To track diabetic amputations by California ZIP codes, the researchers looked at U.S. Census Bureau data on household incomes along with discharge data from the state’s hospitals. This information was then cross-referenced with findings from a UCLA health interview survey that estimated the number of Californians with diabetes in low-income areas.
The result was a series of maps showing diabetes-related amputation rates by neighborhoods for patients 45 and above.
“Our main goal was to put this issue on the map and get it in front of health policy makers,” said Stevens. “We spend so much on healthcare in the United States, way more than any other country, and to have this kind of preventable morbidity, I think, really should give people pause and make them think deeply about what we can do.
“The health care debate has become so polarized and so politicized, and there’s a lot of discussions: ‘Well, is health care a right or a privilege?’ We hope our findings would say, ‘Whatever you believe politically, the preventable loss of a limb often in the middle of the working years of a productive member of society transcends politics.”
Church’s ‘enormous’ role
The physician and researcher praises the Affordable Care Act for expanding health insurance and care through Medi-Cal and private insurance to some 3 million mostly poor people in California. He’s convinced if the UCLA researchers looked at the state’s diabetes population today, there would be a lot less disparity in amputation rates. And he hopes the investigation’s findings spur other state policymakers nationwide to do likewise.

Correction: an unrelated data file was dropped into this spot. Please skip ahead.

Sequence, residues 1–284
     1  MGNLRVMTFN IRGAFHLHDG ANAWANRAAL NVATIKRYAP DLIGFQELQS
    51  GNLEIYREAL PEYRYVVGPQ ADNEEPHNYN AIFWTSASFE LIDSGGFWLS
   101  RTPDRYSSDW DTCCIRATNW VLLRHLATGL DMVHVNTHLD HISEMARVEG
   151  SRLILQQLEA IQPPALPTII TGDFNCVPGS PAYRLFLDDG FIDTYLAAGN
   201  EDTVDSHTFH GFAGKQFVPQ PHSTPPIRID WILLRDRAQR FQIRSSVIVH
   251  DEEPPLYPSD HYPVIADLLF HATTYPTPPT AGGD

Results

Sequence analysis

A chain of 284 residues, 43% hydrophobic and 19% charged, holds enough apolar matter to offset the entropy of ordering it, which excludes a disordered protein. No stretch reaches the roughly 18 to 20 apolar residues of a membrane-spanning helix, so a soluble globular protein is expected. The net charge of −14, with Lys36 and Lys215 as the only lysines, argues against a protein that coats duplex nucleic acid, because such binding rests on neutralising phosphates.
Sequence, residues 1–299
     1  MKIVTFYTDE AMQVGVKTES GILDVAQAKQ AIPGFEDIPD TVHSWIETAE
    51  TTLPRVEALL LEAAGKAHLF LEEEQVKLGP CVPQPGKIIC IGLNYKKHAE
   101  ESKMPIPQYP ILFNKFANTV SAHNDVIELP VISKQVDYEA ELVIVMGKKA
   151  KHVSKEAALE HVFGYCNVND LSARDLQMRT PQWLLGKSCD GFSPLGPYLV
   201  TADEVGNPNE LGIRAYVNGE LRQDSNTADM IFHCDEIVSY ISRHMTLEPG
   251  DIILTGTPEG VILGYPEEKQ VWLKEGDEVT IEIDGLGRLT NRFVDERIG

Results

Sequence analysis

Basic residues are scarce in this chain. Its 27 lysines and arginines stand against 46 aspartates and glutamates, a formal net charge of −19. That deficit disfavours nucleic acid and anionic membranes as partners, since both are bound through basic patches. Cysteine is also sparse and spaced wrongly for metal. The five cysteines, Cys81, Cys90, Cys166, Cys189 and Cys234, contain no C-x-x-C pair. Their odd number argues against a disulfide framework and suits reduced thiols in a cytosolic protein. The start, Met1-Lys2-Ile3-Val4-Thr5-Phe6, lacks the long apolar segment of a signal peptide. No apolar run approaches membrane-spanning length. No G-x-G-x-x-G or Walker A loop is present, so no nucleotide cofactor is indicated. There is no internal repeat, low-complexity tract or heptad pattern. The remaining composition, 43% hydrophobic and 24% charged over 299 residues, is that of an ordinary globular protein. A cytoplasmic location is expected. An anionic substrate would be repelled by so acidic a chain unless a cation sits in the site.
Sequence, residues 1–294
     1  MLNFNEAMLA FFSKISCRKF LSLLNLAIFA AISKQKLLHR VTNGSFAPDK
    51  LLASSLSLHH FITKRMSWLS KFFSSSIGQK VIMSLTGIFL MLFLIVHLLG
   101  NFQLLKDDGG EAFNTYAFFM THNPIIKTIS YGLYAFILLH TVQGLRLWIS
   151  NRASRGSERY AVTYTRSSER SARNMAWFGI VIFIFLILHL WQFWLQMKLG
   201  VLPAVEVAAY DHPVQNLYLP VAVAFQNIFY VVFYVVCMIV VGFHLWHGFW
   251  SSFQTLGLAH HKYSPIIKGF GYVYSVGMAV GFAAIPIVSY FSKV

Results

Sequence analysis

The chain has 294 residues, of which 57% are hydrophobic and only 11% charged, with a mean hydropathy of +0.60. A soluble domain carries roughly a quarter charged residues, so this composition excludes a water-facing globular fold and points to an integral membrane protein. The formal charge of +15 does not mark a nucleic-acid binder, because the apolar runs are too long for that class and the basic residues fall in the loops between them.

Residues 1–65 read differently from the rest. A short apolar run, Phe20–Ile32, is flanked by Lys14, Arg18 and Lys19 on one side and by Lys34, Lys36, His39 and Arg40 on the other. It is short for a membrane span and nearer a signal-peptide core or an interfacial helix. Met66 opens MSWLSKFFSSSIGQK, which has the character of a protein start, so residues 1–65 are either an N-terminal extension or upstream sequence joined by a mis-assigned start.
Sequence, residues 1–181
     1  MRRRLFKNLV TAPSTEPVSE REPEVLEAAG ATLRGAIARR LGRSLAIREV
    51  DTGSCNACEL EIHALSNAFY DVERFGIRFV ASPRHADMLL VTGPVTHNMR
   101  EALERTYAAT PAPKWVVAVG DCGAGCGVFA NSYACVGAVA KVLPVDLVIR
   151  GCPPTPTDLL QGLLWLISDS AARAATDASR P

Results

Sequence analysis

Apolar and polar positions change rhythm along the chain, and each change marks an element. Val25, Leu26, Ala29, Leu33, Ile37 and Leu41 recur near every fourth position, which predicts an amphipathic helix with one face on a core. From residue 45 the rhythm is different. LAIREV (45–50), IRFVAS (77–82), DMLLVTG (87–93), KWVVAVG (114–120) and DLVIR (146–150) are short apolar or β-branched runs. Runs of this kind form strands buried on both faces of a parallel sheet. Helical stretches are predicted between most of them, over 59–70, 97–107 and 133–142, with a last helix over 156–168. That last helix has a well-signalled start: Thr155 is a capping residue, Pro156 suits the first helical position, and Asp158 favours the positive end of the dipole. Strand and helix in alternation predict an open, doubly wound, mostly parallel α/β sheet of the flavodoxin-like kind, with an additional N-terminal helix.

“What the act doesn’t do — and this is what I think faith-based organizations like the Catholic Church can really play an important role in — is community outreach to educate people about how to take a more active role in the management of their own disease,” Stevens pointed out. “Because the key to preventing these amputations is to be very vigilant about the developing of ulcers on the feet.
“When a diabetic patient develops a foot ulcer, that’s what eventually leads to an amputation if it’s not managed well. But if people can, on the one hand, prevent those by keeping their sugar under control and their feet inspected frequently, and if an ulcer does develop, go see a doctor before it’s badly infected. That will really cut down on amputations.”
Moreover, he points out that in a typical Catholic parish there are probably diabetic members who are expert at managing their own diabetes, while others are struggling. So hooking up the two could be a “very effective” grassroots health-care effort preventing needless amputations. He says it’s akin to the “promotoras” model used in Texas and New York, where lay health workers are trained to explain to others with the same chronic disease what they need to do to avoid further complications.
“I actually think that the community-based organizations are an important key to this,” observed Stevens. “And I think the Church can play an enormous role in that.”